labor proclamation of last April 8.
The plan provides for the appoint
ment of local arbitration committees
in industrial cities and districts and
of two member sub-committees of the
board itself to act in controversies
which the .local committee cannot
settle. These committees will be as
sisted by trained field agents sent out
from Washington to investigate each
The war labor board will act as
the supreme court and will hear
cases only when its sub-committees
are unable to settle a controversy or
when one side or another makes an
appeal from their decisions or those
of the local committees.
Airman Dies of Jnjuries.
Houston, Tex., May 13. Lieuten
ant Benjamin V. Maurice, of New
York, died at Ellington field, Houston,
today of injuries sustained whep his
airplane fell on April 16. , .
by the police today with a view to
prosecution under the anti-loafing
bill signed by Governor Whitman.
"Tango and lounge lizards," pool
room loafers, tramps and other idlers
between the ages of 18 and 50 will
be haled to court and fined or im
prisoned unless they can show that
they are engaged in a useful occupa
tion or intend to seek employment.
Included among New York's idlers,
it is said by police, are thousands who
fled across the Hudson when New
Jersey's anti-loafing law went into
effect. The roundup of idlers will
also be a hunt for slackers.
. H.
Railroad Administration Offi
. cials Figure increase of 25
Per Cent Is Necessary to
Meet Higher Costs.
(By Ansoflatfd Frei.)
Washington, May 13. Estimates
made today by railroad administra
tion officials indicate that an increase
of at least 25 per cent in freight and
passenger rates will be necessary this
year to meet the higher costs of fuel,
wages, equipment and other operating
expenses, now set at between $600,
000,000 and $750,000,000 more than
last year.
Recommendations that rates be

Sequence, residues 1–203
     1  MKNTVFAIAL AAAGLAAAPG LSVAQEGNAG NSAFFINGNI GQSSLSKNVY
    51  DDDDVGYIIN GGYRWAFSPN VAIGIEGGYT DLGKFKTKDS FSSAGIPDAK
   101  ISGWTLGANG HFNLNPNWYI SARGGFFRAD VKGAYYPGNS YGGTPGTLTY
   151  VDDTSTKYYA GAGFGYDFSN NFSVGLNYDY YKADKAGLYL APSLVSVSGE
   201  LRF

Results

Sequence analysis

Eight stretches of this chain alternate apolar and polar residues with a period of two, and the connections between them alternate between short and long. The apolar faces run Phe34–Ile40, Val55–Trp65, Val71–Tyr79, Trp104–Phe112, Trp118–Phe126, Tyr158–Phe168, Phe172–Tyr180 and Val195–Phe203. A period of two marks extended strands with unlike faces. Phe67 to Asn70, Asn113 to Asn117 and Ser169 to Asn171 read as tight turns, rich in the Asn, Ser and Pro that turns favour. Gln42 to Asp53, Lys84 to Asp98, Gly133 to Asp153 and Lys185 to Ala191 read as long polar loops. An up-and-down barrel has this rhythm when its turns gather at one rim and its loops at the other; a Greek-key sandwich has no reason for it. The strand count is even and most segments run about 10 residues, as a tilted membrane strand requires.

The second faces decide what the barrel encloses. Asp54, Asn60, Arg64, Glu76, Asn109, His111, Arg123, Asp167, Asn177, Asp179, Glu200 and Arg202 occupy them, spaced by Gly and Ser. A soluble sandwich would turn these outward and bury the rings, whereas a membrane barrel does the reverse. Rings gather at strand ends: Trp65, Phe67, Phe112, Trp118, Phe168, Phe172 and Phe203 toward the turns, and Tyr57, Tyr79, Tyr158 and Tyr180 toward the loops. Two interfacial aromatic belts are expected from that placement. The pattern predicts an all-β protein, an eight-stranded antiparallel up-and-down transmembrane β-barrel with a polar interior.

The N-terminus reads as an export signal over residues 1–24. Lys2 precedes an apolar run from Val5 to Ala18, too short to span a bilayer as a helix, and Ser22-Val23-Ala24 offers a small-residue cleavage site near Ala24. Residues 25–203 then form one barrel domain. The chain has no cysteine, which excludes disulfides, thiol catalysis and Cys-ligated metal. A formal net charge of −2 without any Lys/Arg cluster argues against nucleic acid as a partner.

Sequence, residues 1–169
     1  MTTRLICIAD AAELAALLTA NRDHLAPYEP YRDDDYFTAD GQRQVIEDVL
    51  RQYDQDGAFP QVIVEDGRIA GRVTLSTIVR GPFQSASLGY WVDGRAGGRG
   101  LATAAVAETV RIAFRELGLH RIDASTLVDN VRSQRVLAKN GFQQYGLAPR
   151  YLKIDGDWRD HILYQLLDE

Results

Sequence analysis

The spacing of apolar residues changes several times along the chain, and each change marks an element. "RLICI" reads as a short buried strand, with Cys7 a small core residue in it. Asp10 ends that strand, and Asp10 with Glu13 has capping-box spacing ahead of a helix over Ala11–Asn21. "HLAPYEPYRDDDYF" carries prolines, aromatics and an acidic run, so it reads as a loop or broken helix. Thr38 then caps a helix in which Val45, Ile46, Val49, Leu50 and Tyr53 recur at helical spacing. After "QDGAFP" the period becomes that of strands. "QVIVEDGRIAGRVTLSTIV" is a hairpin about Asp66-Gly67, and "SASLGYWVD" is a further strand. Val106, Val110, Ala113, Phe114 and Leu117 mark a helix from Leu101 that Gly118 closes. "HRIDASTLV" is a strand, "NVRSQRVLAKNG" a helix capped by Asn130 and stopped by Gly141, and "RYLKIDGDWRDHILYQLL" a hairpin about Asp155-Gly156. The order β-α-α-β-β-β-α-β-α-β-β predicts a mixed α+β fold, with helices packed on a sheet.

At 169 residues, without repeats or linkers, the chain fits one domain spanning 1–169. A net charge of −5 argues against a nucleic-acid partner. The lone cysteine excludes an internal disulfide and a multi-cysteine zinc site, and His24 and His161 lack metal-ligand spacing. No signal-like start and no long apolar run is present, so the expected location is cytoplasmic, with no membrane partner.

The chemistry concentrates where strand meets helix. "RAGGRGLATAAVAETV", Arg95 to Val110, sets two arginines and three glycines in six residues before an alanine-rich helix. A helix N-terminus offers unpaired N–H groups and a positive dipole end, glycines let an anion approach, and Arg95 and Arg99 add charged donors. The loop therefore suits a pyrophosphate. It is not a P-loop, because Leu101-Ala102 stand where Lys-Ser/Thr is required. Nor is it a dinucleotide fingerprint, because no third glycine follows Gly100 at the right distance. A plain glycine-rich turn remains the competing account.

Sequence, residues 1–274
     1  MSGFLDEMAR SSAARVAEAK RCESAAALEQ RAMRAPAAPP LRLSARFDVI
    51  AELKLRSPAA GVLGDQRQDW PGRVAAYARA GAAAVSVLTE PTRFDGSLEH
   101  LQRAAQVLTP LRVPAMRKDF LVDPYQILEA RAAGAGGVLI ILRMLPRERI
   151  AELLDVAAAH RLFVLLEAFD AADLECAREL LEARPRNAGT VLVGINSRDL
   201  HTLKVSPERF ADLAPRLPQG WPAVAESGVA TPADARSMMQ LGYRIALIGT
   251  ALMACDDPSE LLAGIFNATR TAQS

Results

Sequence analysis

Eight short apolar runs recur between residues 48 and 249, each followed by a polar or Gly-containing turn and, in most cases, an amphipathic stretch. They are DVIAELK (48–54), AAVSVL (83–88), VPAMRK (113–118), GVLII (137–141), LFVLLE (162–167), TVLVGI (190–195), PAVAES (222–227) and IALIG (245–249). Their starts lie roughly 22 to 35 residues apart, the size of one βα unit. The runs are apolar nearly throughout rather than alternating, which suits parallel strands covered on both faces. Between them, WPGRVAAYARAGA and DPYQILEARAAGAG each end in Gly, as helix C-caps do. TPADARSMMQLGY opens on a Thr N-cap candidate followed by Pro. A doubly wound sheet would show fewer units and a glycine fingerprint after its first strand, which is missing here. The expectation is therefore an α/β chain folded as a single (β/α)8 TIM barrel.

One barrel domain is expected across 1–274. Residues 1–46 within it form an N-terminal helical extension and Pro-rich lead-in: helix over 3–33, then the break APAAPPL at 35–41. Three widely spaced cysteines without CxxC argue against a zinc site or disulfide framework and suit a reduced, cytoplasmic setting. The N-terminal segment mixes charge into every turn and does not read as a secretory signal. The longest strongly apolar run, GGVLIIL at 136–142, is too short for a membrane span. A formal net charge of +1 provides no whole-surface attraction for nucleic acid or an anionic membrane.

raised by approximately this percent
age has been made to Director Gen
eral McAdoo by his advisers. He is
expected to act within the next six
weeks, and to put increases into ef
fect immediately. Shippers will be
permitted to appeal to the Interstate
Commerce commission under the rail
road act .and final decision will be
with President Wilson.
- Biggest Ever Proposed.
Such an increase as is proposed
would be the biggest in the history of
American railways as the percentage
is larger tharl any ever sought by 'the
railways under private management
and would apply alike to the entire
country. Both class and commodity
schedules would be affected.
Rate experts of the Interstate Com
merce commission and railroad and
administration now are at work on
new schedules. Any increases to be
ordered will be arranged in a manner
to preserve rate relationships between
communities and regions, officials said
today, so that industries and commer
cial interests will be subject to the
same degree of rate competition as at
Passenger fares would be raised un
der the plan suggested to about 3
cents a mile, from the existing gen
eral rate, of a little less than Zl cents,
- Large Deficit Foreseen.
?;The proposed hicf eases, it is esti
mated, would yield about- $900,000,000
$700,000,000 in freight and $200,
000,000 in passenger revenues. This
would leave a margin above the esti
mated increases in operating expenses
eventually, but since the new rates
would .not go into effect until the year
is half over, their yield would fall sev
eral hundred InilUoQ dollars short of